Because raw onions are very sharp, pungent, and spicy, raw onion bulbs are best served very finely sliced when raw. You can also finely mince them to add to salad dressings.
Green onions are commonly eaten raw where they add a moderately spicy and clean, crisp taste to your dish. You can roughly chop them or slice them thinly to garnish your dish.
How to Cook Onion
Onions can be a main ingredient. When cooked alone, they taste sweet, mild, rich and jammy. You can roast, grill, or sauté onions to make caramelized onion chutney or jam. You can deep fry them to make onion rings.
When cooking, you can slow-cook, braise, stew, stir fry, and stuff onions following your favorite recipes.
TIP: When caramelizing onions, use low or medium-low heat because high heat can accidentally burn the onions, which will ruin your caramelized onions. If you want to speed up the caramelization, put a lid on the pan and remove it when the onions are translucent so they have a chance to brown.
Onion Works Well With…
- Creamy dips
- Olive oil (caramelized onion)
- Meats that are roasted, stewed, grilled or pan fried (steaks, meat sauces)
- Stir frying with green vegetables (broccoli, cabbage, bok choy)
- Summer vegetables (zucchini and eggplant in ratatouille)
- Tomatoes (pizza sauce, pasta sauce)
- Root vegetables e.g. carrots, potatoes, sweet potatoes (curry)
- Soup and broths
- Pizza (top your pizza with finely sliced or minced onion before baking)
- Salad (top your salad with green onions or finely sliced onion)
- Basically everything
Recipes With Onion
How to Substitute Onion
Shallots are not onions but closely related cousins. Shallots are sweeter, richer, and stronger than the typical onion bulb, which makes them a premium substitute for the onion.
They are frequently served in French cooking used in salad dressings and roasting chicken. You’ll find shallots deep-fried in Asian cooking, such as on top of pan-fried noodles.
Shallots are much more expensive than the yellow onion, so I only use shallots in salad dressings or thinly sliced raw where I can taste the shallot. A jumbo onion is the size of 3 to 4 shallots, so you can substitute onions and shallots accordingly.
Leeks are not onions but closely related cousins in the allium family. If you’re missing onions or green onions, you can substitute leeks, especially in Chinese cooking, which uses baby leek greens in seafood in addition to or in place of green onions.
If you’re out of green onions for a stir fry, you can substitute with garlic and/or ginger.
Where To Buy Onion
You can find fresh onions at any grocery store in the produce section, usually next to the other alliums like garlic and the root vegetables. The onion powder is usually in the spice aisle. Jars of pickled onions are usually in the canned vegetable aisle. Frozen pearl onions are in the freezer section.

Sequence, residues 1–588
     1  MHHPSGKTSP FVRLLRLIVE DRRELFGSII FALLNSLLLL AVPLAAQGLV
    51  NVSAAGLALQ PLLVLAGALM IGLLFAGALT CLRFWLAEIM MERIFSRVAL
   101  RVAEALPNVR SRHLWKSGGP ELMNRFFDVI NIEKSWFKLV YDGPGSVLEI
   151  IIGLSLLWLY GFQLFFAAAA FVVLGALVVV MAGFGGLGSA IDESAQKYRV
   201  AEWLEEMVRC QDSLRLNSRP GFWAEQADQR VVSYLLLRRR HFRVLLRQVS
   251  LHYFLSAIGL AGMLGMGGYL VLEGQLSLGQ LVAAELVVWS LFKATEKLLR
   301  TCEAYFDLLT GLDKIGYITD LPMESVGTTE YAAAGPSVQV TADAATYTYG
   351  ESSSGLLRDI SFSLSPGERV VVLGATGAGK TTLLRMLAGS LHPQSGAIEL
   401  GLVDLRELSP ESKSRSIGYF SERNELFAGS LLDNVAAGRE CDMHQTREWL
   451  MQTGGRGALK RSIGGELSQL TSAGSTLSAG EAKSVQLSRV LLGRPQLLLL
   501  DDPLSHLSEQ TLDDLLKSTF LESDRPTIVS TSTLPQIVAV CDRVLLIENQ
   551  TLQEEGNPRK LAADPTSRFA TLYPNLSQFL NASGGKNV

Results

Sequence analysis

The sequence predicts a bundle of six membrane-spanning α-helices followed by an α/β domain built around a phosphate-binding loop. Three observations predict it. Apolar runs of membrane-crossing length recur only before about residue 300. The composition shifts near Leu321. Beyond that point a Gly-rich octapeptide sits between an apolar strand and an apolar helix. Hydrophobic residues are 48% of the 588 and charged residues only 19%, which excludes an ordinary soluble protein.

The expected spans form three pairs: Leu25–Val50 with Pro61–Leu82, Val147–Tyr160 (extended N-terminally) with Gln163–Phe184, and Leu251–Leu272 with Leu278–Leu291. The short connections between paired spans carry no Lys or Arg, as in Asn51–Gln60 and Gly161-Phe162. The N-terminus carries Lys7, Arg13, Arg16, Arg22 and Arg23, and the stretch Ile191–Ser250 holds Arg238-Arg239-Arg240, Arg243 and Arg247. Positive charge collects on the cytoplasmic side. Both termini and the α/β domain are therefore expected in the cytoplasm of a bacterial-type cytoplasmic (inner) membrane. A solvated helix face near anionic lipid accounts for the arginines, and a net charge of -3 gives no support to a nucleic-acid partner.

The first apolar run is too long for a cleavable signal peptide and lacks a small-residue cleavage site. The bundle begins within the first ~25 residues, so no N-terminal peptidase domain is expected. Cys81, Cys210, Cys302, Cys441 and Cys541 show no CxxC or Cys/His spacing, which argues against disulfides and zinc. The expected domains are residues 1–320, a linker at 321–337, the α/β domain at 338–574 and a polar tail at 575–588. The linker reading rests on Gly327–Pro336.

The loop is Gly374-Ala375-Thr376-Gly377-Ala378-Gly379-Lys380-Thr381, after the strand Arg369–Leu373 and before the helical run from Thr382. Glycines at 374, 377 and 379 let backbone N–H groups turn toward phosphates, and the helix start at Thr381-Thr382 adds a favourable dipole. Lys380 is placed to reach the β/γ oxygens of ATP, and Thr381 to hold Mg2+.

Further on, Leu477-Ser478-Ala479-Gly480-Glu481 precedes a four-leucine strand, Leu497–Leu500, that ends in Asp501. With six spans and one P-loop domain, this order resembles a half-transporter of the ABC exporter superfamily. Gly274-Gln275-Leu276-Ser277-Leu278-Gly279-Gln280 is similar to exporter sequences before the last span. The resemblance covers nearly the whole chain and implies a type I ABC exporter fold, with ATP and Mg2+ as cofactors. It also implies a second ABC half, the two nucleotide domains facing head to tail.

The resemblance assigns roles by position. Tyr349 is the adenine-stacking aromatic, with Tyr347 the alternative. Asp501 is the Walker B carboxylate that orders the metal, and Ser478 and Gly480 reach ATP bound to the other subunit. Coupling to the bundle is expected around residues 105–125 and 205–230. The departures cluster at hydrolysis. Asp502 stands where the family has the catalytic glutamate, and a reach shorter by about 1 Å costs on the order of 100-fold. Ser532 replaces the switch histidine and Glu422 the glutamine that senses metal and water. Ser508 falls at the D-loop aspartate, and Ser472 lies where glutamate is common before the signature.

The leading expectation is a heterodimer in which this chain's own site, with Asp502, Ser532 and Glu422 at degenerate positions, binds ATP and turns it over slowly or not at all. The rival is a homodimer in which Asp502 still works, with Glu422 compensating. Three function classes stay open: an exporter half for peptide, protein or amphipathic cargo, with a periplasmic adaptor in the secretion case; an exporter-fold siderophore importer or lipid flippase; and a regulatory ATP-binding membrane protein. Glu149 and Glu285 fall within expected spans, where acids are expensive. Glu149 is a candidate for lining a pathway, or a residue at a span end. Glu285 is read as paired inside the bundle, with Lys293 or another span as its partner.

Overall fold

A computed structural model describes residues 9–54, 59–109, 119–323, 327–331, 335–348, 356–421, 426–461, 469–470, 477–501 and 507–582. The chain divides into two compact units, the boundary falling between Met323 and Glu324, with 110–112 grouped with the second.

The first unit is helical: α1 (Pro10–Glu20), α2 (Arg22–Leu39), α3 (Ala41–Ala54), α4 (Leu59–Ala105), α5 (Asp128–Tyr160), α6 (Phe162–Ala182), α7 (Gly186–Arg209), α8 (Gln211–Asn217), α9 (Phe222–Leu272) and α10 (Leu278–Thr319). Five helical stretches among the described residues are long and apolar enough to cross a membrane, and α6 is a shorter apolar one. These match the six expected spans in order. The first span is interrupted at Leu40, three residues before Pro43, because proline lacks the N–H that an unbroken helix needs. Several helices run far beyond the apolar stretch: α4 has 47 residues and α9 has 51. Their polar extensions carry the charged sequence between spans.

Are Onions Seasonal?
Onions are seasonal. You can find spring onions during the spring before the bulbs have matured, which typically takes place during the summer. Thanks to how well onions store and importing, you can enjoy onions year-round.
How to Store Onion
Fresh raw onions should be stored whole in a dark, dry, and cool place in a breathable bag or a basket. They can live with garlic and other root vegetables. Under the sink or in your pantry in a netted bag are ideal storage conditions.
You can peel and chop onions on the weekends to prepare them so that you can cook dinner faster during the week. Chop the onions into a variety of sizes and store them in a glass container. They will last a week chopped.
Fun Things To Do With Onion
Hold your nose and bite into an onion. Can you tell it’s an onion and not an apple? Your nose registers much of the onion’s flavor.
Unrelated to cooking, you can check out The Onion if you’re ever looking for a good laugh.
You can sprout an onions by leaving it on your kitchen counter until it grows green shoots. Then put the onion bulb in water and watch it continue growing shoots. You can snip off the shoots and use them as green onions.
FAQ About Onion
Why Do Onions Make You Cry?
Onions have sulfuric compounds (specifically syn-Propanethial-S-oxide) that act as “lachrymatory agents”, meaning they trigger your eyes to tear up. It appears to be the onion’s natural defense against predators.
How to Cut Onions Without Tears?
I found The Kitchn article with tips on how to chop onions without tears helpful. I’ve tried using swim goggles to cut onions, and they worked. My eyes didn’t tear up, but the foggy goggles made it hard to see, which was impractical. So I’d suggest the freezer method or the vent hood. Walking away for 2 minutes to take a break helps too.
If cutting raw onions still bothers your eyes after trying those tips, use onion powder.
READ NEXT: The definitive guide to carrots for beginner and expert cooks
2 thoughts on “The beginner’s guide to chopping and cooking onions”
Is left over onion poisonous and harmful to health
No this is a myth and has been debunked. It’s false information. Here are 3 articles from reputable organizations that explain the myth and why it’s false: Snopes, Politifact, and Cooking Light
To be clear, you should still handle leftover onions with care like refrigerating it. Here’s guidance from the National Onion Association on storage and handling of onions.